I'll be calling Spanish cider "sidra" in this post (and maybe subsequent posts?) to save a word and to indicate that it's a little different than hard apple juice from other places. I might be being a snob, but I'm not trying to. I have read and heard sidra described as funky by different people, both reviewers and servers. I can remember getting a bottle of Isastegi (a nice Basque cider that I'd recommend if you haven't already tried it) at a "pub" in Durham, North Carolina and being warned that it was not a normal cider. Luckily I already knew. Sidra isn't normally sweetened or carbonated. It's closer to an apple wine if I'm not mistaken. I don't really know if there's anything special about the fermentation that gives it a funkiness, but I haven't read anything about bacteria being added to the process for that purpose. It does, however, get a pretty distinct flavor and ends up being pretty different from the cider selection at most American grocery stores.

Time to get to the point at hand, though: I have got a bottle of Chilean "sidra espumante" that I'm trying and I want to record it. I got the bottle from a wine shop in Columbia, Missouri where I was told that it was a Basque cider. I read that label and the guy then decided that his seller must have meant that it was made in the Basque style. Fine with me. I'm more than willing to give a cider from Chile a go. The bottle cost me about $15, so it's about what you might expect for imported alcohol. The bottle recommends enjoying the cider with pork chops or soft cheeses, so I naturally cooked chili today. Works for me.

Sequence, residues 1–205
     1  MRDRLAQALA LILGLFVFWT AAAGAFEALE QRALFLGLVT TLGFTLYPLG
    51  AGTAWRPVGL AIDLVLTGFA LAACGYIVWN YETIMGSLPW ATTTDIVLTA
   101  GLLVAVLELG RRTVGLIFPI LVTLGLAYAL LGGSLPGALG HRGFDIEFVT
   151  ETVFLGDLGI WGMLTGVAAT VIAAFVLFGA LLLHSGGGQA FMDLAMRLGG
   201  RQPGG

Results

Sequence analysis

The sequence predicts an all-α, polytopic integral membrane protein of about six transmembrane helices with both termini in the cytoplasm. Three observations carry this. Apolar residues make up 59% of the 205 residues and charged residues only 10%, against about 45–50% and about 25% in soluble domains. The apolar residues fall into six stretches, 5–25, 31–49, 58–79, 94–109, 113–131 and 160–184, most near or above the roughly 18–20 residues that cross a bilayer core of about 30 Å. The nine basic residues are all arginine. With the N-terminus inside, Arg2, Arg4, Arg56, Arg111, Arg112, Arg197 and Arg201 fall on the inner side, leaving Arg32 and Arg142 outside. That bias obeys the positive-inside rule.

Right off the bat, the cider pours with a head. Not a bad thing, and what I would want from a cider that calls itself "espumante" or foamy. I pour it into some recycled glass cups from Spain that some friends gave us a while back. Closest thing I have to a real cider glass. The first taste is effervescent, tart, and a little sweet. It has a good, crisp bite to it. The color is pale yellow. After a couple of swallows I can taste what seems like a Fuji apple as an aftertaste. I only poured small amounts at a time into the glass and I won't lie about smelling anything since we had a fire going outside while I was drinking this. Overall, the cider was good. Nothing incredibly complex, but a simple, "appley" drink with some carbonation that had a good, somewhat sweet taste and went down easily. I enjoyed it with the chili, but I'm not overly upset by pairing strange combinations together. I have mentioned that it's sweet, but I don't know that it has been sweetened beyond the normal sweetness that a cider produces. It certainly is a lower level of sweetness than what you would find in many grocery store ciders. The sweetness is probably closer to what you'd find from a "dry English-style" cider.

I think that the cider is worth recommending, and I can say that I wouldn't mind buying it again. Also, this is pretty fun and I think I might review more things on here.

Thursday, November 3, 2011


I'm back to reality. The past couple of weeks have been pretty busy. My first academic article came back and was accepted with minor revisions. This means that the reviewers read it and liked the content, but had some questions and suggestions. We then had to respond to the comments, one of which was to make all new figures (yikes!). I did that job, and it was a little tedious, but definitely worth it considering that after sending it back, THE PAPER WAS ACCEPTED! If you're reading this and don't know me then this is much less significant to you, but I'm sure you can understand how big it is. This paper is my first publication as a scientist and I'm quite happy with it.